Fair-weather friend is an idiom. An idiom is a word, group of words or phrase, or phrasal verbs that have a figurative meaning that is not easily deduced from its literal definition. These figures of speech often use descriptive imagery, common idioms are words and phrases used in the English language in order to convey a concise idea, and are often colloquialisms or descriptors that are spoken or are considered informal or conversational. English idioms can illustrate emotion more quickly than a phrase or expression that has a literal meaning, even when the etymology or origin of the idiomatic expression is lost. An idiom is a metaphorical figure of speech, and it is understood that it is not a use of literal language. Figures of speech have definitions and connotations that go beyond the literal meaning of the words. Mastery of the turn of phrase of an idiom or other parts of speech is essential for the English learner. Many English as a Second Language students do not understand idiomatic expressions that native speakers understand such as in a blue moon, spill the beans, let the cat out of the bag, chin up, eye to eye, barking up the wrong tree, bite the bullet, beat a dead horse, hit the nail on the head, kicked the bucket, blow off steam, jump on the bandwagon, piece of cake, hit the sack, and raining cats and dogs, as they attempt to translate them word for word, which yields only the literal meaning. In addition to learning vocabulary and grammar, one must understand the phrasing of the figurative language of idiomatic phrases in order to know English like a native speaker. It is possible to memorize a list of idioms, but it may be easier to pay attention to the use of idioms in everyday speech, where peculiar imagery will tell you that the expressions should not be taken literally. We will examine the meaning of the idiomatic phrase fair-weather friend, where it came from, and some examples of its use in sentences.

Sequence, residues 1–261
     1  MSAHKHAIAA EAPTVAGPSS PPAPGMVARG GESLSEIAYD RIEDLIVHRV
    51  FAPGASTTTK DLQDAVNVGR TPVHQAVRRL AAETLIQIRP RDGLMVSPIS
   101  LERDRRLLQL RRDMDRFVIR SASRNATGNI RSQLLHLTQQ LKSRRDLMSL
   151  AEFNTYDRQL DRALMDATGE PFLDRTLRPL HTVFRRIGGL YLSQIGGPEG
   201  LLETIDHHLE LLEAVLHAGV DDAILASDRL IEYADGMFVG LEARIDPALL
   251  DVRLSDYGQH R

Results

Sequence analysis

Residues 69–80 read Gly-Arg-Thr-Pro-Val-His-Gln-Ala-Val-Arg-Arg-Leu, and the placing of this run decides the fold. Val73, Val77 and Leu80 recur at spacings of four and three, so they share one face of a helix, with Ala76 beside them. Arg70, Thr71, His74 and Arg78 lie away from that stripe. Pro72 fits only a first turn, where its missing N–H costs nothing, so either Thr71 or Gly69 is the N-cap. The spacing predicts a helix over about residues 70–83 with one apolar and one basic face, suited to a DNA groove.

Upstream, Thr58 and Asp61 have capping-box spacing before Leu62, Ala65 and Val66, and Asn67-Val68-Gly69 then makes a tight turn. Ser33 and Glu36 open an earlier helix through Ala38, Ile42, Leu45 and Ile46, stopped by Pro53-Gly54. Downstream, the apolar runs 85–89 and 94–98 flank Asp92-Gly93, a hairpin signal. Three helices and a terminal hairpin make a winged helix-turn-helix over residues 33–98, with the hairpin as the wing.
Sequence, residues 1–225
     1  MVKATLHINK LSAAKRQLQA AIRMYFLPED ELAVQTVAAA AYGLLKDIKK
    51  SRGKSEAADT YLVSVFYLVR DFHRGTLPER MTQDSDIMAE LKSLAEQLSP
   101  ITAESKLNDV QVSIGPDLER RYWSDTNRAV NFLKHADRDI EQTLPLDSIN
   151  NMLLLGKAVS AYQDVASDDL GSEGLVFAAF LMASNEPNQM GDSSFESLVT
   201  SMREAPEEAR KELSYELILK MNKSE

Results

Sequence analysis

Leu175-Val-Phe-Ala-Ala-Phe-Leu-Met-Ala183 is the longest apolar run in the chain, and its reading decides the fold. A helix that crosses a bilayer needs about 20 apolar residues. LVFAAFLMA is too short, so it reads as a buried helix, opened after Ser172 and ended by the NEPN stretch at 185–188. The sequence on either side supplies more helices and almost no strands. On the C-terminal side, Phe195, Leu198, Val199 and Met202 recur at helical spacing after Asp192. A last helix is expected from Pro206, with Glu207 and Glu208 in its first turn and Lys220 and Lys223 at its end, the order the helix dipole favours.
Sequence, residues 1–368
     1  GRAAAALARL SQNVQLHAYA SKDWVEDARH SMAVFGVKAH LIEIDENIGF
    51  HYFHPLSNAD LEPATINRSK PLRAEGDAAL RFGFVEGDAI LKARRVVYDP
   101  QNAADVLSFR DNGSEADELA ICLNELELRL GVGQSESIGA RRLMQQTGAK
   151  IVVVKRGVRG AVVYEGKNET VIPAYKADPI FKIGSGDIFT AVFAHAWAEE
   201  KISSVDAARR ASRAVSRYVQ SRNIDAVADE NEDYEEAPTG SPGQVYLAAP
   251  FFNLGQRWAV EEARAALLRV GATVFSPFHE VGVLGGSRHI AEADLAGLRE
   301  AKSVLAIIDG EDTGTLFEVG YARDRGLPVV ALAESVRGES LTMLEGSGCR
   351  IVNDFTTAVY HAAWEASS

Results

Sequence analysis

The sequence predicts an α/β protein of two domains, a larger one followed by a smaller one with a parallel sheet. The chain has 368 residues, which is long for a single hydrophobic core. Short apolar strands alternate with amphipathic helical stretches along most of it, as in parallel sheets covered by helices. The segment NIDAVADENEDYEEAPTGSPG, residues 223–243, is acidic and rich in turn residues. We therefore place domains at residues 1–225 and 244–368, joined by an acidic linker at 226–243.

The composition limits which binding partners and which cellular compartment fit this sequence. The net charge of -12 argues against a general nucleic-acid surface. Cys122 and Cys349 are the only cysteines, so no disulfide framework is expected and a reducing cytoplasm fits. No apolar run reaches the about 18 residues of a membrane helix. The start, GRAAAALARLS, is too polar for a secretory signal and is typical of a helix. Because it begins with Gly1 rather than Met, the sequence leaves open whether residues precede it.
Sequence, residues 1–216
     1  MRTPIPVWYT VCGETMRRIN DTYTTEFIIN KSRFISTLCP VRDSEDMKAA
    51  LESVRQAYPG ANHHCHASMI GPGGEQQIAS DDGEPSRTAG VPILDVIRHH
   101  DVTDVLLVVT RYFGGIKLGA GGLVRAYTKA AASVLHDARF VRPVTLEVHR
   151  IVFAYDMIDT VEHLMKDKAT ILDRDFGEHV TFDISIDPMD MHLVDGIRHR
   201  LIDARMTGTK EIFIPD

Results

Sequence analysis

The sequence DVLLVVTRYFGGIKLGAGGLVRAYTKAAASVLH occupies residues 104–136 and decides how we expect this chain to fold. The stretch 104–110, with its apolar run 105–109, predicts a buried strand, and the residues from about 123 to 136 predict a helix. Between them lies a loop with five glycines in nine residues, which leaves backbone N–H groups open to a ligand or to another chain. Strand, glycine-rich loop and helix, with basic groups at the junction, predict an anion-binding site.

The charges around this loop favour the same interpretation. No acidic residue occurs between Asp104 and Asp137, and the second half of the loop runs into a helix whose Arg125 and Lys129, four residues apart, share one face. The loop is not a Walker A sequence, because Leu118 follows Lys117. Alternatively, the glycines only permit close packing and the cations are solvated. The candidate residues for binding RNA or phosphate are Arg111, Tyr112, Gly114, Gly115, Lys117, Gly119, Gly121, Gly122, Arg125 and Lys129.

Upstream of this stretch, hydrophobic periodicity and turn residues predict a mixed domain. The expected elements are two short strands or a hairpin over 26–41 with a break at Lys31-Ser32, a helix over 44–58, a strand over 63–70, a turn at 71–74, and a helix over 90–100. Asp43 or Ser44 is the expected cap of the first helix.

A fair-weather friend is a friend who deserts you in times of trouble, someone who is your friend only when things are going well. A fair-weather friend will abandon you when you need him most; he is unreliable. The term fair-weather friend has been in use since the 1800s, but the term fair-weather to mean someone who can only function when the weather is good or when times are going well has been in use since the 1600s. The term fair-weather friend may be related to the phrase fair-weather sailor, an expression in use since at least the 1700s that refers to someone who is only capable of sailing a vessel if the weather is good. The term fair-weather is often paired with other words, such as fair-weather fan or fair-weather Christian. The plural of fair-weather friend is fair-weather friends. Note that fair-weather is hyphenated because it is an adjective appearing before a noun.
Trump needs to be a true friend to Israel, and not a fair-weather friend that would pander to those who seek to destroy us. (The Jerusalem Post)
‘The Crown Prince of Saudi Arabia’ Review: Fair Weather Friend? (The Wall Street Journal)
Tony Abbott has declared he will never be a “fair weather friend” but conceded that he respects the court and that George Pell’s child rape conviction is a damning verdict. (The New Daily)